Boys aren’t her only target. On the throbbing Kelly Clarkson-like “Better Than Revenge,” she lets loose on some starlet who’s gone after her man. The femme fatale may be fooling everyone else, but not Swift. “She’s not a saint, she’s an actress/She’s better known for the things she does on the mattress,” Swift sings in the only reference to actual sex on the whole album. “She should keep in mind there’s nothing I do better than revenge.” There’s blood in that vein Swift has opened, but there’s ice water too.
Most of the romances, “Mine” is a notable exception, are either outright disasters or, at the very least, have dark edges, such as on the mid-tempo, layered “Sparks Fly.” â€¨She wants her boy to “meet me in the rain/kiss me on the sidewalk/take away the pain,” but she knows he’s a “bad idea.” On the shimmery “Back to December,” about Taylor Lautner, she’s the one asking for forgiveness.
At an age where most girls are blissfully unaware of the pains to come, Swift seems to have suffered the slings and arrows of every possible love, but in the past, it was combined with a naivete and wrapped in a certain “I still believe in unicorns” sweetness. (The exception being the excellent, sadly resigned “White Horse,” from “Fearless”) Here, she’s not quite 20-going-on-45, but a little weariness--and wariness-- is sinking in. That’s what makes these songs work no matter what age you are if you’re still dealing with romance and all its seemingly endless heartaches.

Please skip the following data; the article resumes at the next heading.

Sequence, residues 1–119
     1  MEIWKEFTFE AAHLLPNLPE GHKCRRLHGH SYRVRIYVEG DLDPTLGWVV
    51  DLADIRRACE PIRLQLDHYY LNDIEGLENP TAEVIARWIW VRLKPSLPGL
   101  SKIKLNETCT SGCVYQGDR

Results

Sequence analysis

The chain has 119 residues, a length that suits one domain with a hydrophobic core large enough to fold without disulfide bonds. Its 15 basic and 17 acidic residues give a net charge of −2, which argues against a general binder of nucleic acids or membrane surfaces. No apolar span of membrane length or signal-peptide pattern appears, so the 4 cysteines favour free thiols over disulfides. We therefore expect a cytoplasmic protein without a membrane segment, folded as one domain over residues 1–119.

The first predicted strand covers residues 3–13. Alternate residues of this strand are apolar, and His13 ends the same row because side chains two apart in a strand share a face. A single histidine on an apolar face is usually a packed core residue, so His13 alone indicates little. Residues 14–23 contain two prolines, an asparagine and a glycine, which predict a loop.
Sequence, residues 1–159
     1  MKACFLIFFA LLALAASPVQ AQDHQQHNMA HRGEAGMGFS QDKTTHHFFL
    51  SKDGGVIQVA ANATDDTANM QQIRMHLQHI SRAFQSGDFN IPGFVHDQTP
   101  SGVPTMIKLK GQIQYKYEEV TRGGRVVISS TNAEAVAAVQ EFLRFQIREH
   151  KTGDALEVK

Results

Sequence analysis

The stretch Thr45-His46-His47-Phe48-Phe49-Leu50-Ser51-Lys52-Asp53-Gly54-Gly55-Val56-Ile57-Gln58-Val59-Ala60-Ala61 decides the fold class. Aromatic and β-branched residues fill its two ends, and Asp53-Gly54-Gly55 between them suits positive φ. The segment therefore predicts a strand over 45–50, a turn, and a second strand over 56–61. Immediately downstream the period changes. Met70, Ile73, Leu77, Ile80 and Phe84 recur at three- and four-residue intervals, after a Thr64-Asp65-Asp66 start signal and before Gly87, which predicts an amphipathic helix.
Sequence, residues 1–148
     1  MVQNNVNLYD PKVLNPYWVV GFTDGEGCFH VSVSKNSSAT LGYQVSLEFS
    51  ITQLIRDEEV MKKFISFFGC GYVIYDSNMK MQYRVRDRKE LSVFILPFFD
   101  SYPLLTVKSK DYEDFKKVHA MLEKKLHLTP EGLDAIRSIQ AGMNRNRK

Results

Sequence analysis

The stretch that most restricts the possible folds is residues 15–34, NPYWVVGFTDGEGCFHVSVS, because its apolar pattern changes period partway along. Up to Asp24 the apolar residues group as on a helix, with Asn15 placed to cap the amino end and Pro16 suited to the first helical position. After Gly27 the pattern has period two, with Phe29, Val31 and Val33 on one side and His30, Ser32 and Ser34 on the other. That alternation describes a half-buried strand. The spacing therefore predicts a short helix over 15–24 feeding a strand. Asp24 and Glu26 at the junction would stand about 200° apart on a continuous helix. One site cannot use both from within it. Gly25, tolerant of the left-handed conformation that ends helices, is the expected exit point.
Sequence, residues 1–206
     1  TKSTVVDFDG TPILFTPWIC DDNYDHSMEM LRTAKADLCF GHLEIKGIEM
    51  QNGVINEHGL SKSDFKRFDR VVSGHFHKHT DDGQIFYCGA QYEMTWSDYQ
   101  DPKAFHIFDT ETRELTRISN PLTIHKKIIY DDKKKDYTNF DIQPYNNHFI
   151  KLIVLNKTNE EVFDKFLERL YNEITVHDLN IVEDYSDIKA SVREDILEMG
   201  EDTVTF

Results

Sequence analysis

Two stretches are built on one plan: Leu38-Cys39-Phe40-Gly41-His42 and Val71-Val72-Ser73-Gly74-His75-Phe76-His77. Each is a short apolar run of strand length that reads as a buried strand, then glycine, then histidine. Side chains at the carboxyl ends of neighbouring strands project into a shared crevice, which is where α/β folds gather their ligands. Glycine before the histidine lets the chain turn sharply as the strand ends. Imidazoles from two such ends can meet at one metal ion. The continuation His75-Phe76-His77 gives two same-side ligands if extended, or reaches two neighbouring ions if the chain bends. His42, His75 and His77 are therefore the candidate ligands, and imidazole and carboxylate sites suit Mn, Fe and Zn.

Not everything succeeds. Many of the songs could use a good editing, with Swift going on a minute or two too long, as if repeating her point will make it more poignant (Yes, we mean the nearly 7-minute “Dear John.” ) Two songs, “Enchanted” and “Long Live,” are throwaways compared to the rest. “Innocent,” written about the Kanye West kerfuffle, doesn’t really hold up on its own other than as a very direct response to West.
Swift wrote all the words and music alone on “Speak Now,” a first for her, and that may explain a certain sameness to many of the melodies. She needs no help as a lyricist--that’s very clear--but it might be nice to see her work with a more experienced composer to expand her melodic sense. Country radio still claims her as its own and she courts them with the solid smarts of someone who knows that format will still embrace her should the more fickle pop world turn its back. However, this is a pop record. There’s enough here for country to gravitate toward because the genre leans so pop now. Surprisingly, “Dear John” is one of the most country-sounding songs on the record, along with the banjo-laced “Mean” and the spare, lovely “Never Grow Up.”
Genres, however, don’t necessarily matter any more in Swift’s world as she’s become a true multi-format star...so much so that the interwebs are clogged with speculation as to whether “Speak Now” will have the biggest opening week of the year, and, even, could it top 1 million its first week? Sadly, those days are gone, but if any album has a shot, it’s this one.